Teach Your Children to Protect Themselves
In our study today, we will consider an outstanding article written by a friend and fellow gospel preacher, Douglas Hoff. I've copied his excellent work below for your consideration.

Children are a precious gift from the Lord (Psa. 127:3). They are a source of great joy and pride. Most parents are eager to show off pictures of their sons and daughters. What mother has not pointed at a family picture on the wall and identified her children? Though we usually think of children as ours, we must recognize each soul belongs to God (Eze. 18:4). He has simply entrusted them to us for a while. With this trust comes the responsibility to take care of these souls. After all, God loves the children too! He wants each one to grow up to make Him proud. How they will turn out depends to a large degree on the training they receive during the formative years.

Parents are naturally protective of their newborns. These little babies are so dependent and defenseless. The Bible speaks of the natural affection people have for family members (cf. Rom. 1:31). Part of this natural love is the desire to protect them. Though we may wish it were not so, this world is full of dangers. Mom and dad will not always be there when difficulty arises. As such, parents need to teach their children to recognize the dangers of this world and how to deal with them appropriately.

Most parents do a good job instructing about physical hazards like playing with fire. Yet, spiritual threats are often neglected. When viewed from eternity, it will matter greatly if one did not properly confront evil. Just as playing with fire can lead to burns, playing around with sin can lead to the eternal fires of hell.

How then should parents teach their children to protect themselves from sin? Children learn through verbal instruction, examples, and personal experiences. Fathers are commanded to "bring them up in the nurture and admonition of the Lord" (Eph. 6:4). Mothers bear a part in this duty as well (cf. Prov. 1:8).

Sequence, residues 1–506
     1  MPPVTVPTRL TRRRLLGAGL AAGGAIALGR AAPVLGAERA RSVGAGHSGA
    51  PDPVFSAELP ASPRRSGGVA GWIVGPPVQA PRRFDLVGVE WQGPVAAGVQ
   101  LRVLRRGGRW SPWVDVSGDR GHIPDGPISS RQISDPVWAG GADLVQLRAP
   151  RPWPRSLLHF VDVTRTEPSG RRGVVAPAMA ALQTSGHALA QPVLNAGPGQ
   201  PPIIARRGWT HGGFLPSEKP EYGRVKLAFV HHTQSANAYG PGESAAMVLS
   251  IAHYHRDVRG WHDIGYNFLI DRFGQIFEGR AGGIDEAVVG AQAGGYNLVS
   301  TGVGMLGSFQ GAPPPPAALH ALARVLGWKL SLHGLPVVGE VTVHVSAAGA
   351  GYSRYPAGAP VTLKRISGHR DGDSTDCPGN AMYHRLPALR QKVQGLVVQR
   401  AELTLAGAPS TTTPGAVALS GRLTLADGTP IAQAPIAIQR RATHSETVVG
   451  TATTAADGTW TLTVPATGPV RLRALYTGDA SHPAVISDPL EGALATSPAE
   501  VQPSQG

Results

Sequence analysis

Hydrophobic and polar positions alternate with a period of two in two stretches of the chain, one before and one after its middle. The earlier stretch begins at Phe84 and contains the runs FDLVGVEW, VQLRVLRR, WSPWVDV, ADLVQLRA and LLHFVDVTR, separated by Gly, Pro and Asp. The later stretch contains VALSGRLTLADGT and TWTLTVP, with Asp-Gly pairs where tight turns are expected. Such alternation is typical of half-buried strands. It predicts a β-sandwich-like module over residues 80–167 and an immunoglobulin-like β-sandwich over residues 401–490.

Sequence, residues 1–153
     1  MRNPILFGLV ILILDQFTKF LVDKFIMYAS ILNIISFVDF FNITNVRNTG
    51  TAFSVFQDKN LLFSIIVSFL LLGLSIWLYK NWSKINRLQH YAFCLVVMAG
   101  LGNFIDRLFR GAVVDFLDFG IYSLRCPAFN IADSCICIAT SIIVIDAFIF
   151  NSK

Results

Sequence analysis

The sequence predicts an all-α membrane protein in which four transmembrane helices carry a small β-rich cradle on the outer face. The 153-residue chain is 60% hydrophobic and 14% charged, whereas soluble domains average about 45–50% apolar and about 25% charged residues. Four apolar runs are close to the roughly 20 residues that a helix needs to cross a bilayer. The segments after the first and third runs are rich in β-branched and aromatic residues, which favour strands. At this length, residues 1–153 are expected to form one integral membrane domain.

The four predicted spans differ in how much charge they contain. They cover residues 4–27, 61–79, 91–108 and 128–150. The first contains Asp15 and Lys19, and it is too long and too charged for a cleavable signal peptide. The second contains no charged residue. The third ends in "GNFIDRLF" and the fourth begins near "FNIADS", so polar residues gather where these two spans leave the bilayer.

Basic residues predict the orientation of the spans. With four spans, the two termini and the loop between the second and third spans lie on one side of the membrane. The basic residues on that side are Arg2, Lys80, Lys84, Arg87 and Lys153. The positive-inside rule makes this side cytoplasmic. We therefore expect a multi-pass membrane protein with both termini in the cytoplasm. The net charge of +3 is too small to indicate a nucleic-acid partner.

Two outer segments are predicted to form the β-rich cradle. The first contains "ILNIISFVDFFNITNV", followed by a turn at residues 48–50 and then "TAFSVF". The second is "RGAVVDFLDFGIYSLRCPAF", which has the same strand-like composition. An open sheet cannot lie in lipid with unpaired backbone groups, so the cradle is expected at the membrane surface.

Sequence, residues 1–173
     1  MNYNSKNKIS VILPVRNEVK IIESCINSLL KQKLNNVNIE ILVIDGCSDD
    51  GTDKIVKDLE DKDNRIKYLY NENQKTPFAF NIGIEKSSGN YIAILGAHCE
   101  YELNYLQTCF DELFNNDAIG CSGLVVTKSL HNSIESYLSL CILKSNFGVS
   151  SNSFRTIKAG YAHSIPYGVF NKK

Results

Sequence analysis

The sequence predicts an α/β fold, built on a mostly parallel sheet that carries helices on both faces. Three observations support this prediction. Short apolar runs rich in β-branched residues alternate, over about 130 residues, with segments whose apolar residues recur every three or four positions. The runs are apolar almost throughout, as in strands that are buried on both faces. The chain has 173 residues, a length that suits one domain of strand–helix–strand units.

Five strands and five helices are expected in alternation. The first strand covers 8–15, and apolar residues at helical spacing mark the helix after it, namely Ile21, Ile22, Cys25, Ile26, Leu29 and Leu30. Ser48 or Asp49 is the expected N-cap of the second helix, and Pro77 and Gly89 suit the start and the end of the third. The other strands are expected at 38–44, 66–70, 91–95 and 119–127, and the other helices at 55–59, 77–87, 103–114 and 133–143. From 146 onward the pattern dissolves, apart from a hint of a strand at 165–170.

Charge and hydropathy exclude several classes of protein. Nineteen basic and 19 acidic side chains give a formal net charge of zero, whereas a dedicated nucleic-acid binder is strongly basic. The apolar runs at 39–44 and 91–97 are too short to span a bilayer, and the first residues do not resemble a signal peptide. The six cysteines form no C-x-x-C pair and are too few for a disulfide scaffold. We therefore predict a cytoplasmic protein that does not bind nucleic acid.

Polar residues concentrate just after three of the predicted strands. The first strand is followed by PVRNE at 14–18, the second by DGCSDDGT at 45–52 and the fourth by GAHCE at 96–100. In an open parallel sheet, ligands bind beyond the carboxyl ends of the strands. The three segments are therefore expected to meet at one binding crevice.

Parents teach a lot by the way they live. Little boys often say they want to grow up to be just like their dads. It is a vain effort to tell children, "Do as I say, not as I do." More often than not, they will imitate the behavior they see. Of course, kids also have other role models. Sometimes it is an older sibling. Sometimes it is a friend. This is why it is extremely important to teach children to choose their friends wisely (cf. I Cor. 15:33).

Personal experience can be a tough teacher. Countless young people the world over have lamented at one time or another, "How I wish I had listened to mom and dad!" The young man cried out - "I have not obeyed the voice of my teachers, nor inclined my ear to those who instructed me! I was on the verge of total ruin, in the midst of the assembly and congregation" (Prov. 5:13,14). He committed sin with an immoral woman and paid the price of personal shame. He played with fire and got burned (cf. Prov. 6:20-29).

Parents should be teaching their children about purity of life. This extends to thoughts, words, and deeds. Once a reputation is soiled by sin, it is hard to restore. These lessons must be taught when children are young and reinforced consistently over the years. It may be too late to warn teenagers about the powerful lure of fornication when hormones are raging. When children are not taught how to resist temptation, Satan's lie that "everyone's doing it" sounds convincing. Yes, many may be doing it, but many will be lost eternally for their choices too (cf. Luke 13:23,24). Is this what you want for your child? Teach your children to protect themselves from "the snare of the devil" (II Tim. 2:26).